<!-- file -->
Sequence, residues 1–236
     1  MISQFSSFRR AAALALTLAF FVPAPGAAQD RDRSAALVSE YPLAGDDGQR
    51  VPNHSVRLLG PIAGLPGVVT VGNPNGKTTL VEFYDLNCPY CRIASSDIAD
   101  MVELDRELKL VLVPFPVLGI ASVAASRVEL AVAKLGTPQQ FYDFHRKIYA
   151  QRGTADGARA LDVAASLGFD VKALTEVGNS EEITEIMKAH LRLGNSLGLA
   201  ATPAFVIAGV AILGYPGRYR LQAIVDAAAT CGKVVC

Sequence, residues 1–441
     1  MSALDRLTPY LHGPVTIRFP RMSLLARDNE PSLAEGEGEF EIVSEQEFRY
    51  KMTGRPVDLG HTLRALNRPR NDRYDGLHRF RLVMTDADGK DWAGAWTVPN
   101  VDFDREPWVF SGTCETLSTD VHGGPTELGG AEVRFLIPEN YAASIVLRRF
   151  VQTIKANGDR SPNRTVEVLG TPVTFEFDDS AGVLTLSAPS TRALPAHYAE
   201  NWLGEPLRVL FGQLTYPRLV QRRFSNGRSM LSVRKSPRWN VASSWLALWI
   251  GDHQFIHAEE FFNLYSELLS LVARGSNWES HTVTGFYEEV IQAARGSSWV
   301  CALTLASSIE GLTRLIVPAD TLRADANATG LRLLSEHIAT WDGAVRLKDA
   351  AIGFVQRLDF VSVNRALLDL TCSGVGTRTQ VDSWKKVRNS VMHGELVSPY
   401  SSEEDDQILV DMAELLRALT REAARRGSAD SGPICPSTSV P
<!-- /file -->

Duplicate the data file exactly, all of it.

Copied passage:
Sequence, residues 1–236
     1  MISQFSSFRR AAALALTLAF FVPAPGAAQD RDRSAALVSE YPLAGDDGQR
    51  VPNHSVRLLG PIAGLPGVVT VGNPNGKTTL VEFYDLNCPY CRIASSDIAD
   101  MVELDRELKL VLVPFPVLGI ASVAASRVEL AVAKLGTPQQ FYDFHRKIYA
   151  QRGTADGARA LDVAASLGFD VKALTEVGNS EEITEIMKAH LRLGNSLGLA
   201  ATPAFVIAGV AILGYPGRYR LQAIVDAAAT CGKVVC

Sequence, residues 1–441
     1  MSALDRLTPY LHGPVTIRFP RMSLLARDNE PSLAEGEGEF EIVSEQEFRY
    51  KMTGRPVDLG HTLRALNRPR NDRYDGLHRF RLVMTDADGK DWAGAWTVPN
   101  VDFDREPWVF SGTCETLSTD VHGGPTELGG AEVRFLIPEN YAASIVLRRF
   151  VQTIKANGDR SPNRTVEVLG TPVTFEFDDS AGVLTLSAPS TRALPAHYAE
   201  NWLGEPLRVL FGQLTYPRLV QRRFSNGRSM LSVRKSPRWN VASSWLALWI
   251  GDHQFIHAEE FFNLYSELLS LVARGSNWES HTVTGFYEEV IQAARGSSWV
   301  CALTLASSIE GLTRLIVPAD TLRADANATG LRLLSEHIAT WDGAVRLKDA
   351  AIGFVQRLDF VSVNRALLDL TCSGVGTRTQ VDSWKKVRNS VMHGELVSPY
   401  SSEEDDQILV DMAELLRALT REAARRGSAD SGPICPSTSV P